Adventures in Science Fiction Cover Art: Doomed Cities (post-apocalyptical ruins, war-wrecked landscapes, burning winds)

(Richard Powers’ cover for the 1959 edition of The Rest Must Die (1959), Kendell Foster Crossen)

The electricity turns off in a futuristic city and people turn into animals and everyone slowly kills each other, mysterious winds sweep through cities killing everyone, large machine minds take over, nuclear bombs destroy everything, intelligent dogs take over, the sun expands drying all the oceans, the sun expands (but not as much) and water floods over all the cities, aliens come with large guns and blow everything up, aliens come with brain probes and make others blow everything up, aliens pretend to be humans and annoy the humans enough so they blow each other up with nuclear bombs, people from the past go back in time and see that humans have blown everything up and they try to prevent the aliens from making the humans blow everything up, a bacterial agent from an alien kills everyone, a bacterial agent from a mean human kills everyone, a synthetic virus from machine people kills everyone, volcanoes destroy cities, earthquakes destroy cities letting out gas clouds which explode killing everyone, large fires started by alien cows burn entire cities, evil robots take over and kill their old masters, nice robots (like Data) try to prevent the evil robots from taking over but can’t, “humans” wake up and realize they are robots and blow everything up,  the Soviets take over and kill everyone but are occasionally resisted by the most patriotic folk (like Texans and the rural rustic), [+innumerable other situation] = doomed cities, wrecked national landmarks, empty streets, crumbling facades…

Richard Powers is the master of depicting doomed cities!


(Richard Powers’ cover for the 1966 edition of The Wind From Nowhere (1962), J. G. Ballard)

(Richard Powers’ cover for the 1959 edition of The Tide Went Out (1958), Charles Eric Maine)

(Richard Powers’ cover for the 1958 edition of 43,000 Years Later (1958), Horace Coon)

(Johnny Bruck’s cover for the 1962 edition of Der Kaiser von New York (1962), W. W. Shols)

(Richard Powers’ cover for the 1964 edition of The Burning World (1964), J. G. Ballard)

(Richard Powers cover for the 1961 edition of So Close to Home (1962), James Blish)

(Robert Fuqua’s cover for the May 1939 issue of Amazing Stories)

(H. W. Wesso’s cover for the February, 1939 issue of Marvel Science Fiction Stories)

For similar posts consult, Adventures in Science Fiction Cover Art INDEX

14 thoughts on “Adventures in Science Fiction Cover Art: Doomed Cities (post-apocalyptical ruins, war-wrecked landscapes, burning winds)

    • (I’ll answer your Asimov comment in the next few days when I have more time — end of the semester grad paper, grading = frantic rush!)

      Yup, I included that cover in a previous post on Powers so I decided not to use it again. I’ve wanted to track down a copy of the book since I can’t find anything written about it online (I love ranting about bad books — hehe). I guess there’s a reason….

      • I thought I wrote a review of Hero’s Walk but I don’t see it on Amazon, so maybe I just wrote notes or something, notes now lost in some old notebook in our storage unit. It has been years, but I think I can recall the plot and my main criticisms:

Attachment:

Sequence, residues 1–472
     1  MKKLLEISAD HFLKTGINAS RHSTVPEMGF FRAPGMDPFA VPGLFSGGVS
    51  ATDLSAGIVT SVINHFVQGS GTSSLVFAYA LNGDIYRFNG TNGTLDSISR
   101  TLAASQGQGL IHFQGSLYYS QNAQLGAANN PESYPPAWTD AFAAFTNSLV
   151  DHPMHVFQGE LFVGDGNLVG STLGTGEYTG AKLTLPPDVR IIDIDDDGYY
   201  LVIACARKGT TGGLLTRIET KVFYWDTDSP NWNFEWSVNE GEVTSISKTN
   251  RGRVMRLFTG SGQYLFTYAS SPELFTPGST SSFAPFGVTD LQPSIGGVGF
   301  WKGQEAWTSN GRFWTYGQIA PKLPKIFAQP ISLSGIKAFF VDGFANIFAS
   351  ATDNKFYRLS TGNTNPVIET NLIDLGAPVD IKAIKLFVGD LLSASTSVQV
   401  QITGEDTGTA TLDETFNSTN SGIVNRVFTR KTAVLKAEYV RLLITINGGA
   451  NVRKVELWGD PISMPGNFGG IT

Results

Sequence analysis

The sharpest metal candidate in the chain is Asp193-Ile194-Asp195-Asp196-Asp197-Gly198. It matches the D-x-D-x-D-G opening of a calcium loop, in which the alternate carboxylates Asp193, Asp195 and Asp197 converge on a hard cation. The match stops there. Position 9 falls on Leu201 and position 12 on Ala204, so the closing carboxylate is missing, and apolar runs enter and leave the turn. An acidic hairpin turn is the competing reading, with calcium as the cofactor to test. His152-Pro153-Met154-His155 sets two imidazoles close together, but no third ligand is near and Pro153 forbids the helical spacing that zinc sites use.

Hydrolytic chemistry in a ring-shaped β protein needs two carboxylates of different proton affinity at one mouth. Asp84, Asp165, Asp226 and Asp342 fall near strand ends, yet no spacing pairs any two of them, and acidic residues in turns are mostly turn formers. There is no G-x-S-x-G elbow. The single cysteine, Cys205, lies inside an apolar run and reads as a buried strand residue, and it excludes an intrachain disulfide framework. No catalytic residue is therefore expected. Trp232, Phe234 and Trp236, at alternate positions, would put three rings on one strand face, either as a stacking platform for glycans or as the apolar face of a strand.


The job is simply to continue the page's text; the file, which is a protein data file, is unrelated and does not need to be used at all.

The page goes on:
Most of the book consists of scientists sitting in a room talking. A message has arrived from space. Only one of the scientists can understand it, but all the other scientists think he is insane and ignore him. Because the humans do something provocative, the aliens bomb the crap out of the Earth, like in the last 10 pages of the book. The book has what the author considers a happy ending: the aliens are peace-loving, and will teach Earth people how to be peace-loving after they take over the Earth.

        I hated the book partly because it was so boring, chapter after chapter of conversations, and partly because I don’t care for preachy stories in which we are supposed to side with aliens against humanity; in this one the reader is expected to welcome alien conquest!

        The book is not universally hated; in fact, Dorothy J. Heydt calls it one of her favorite books. On Usenet (rec.arts.sf.written) March 6, 2002 she reported that she owns both a hard and softcover of the book, and on April 11, 2002 said that she rereads it “every year or so.”

      • Hmmm, I’ll eventually get to it — maybe.

        Have you read Fritz Lieber’s The Big Time? That entire book is set in one room — I found it very intriguing and it maintained the premise/concept and some interest throughout. It is really hard to pull off.

  1. Re: Fritz Leiber: I have not read The Big Time. For me Leiber is hit or miss; I really like some of the Fafhrd and Grey Mouser stories, but other of those stories are feeble. I have had the same experience with his other fiction, enjoying the short story “Moon Duel” but finding the highly acclaimed Conjure Wife annoyingly lame and “The Dealings of Daniel Kesserich” totally forgettable.

    Coincidentally I actually picked up a collection of Fritz Leiber work today at the library, thinking to give some more of his non-F&GM short fiction a chance. Maybe I should also give The Big Time a shot.

    • The Big Time feels like an unusual one act play…. I also read The Wanderer (which won the Hugo for Best novel, as did The Big Time) — it was very average but work a read. I’ve only read his sci-fi.

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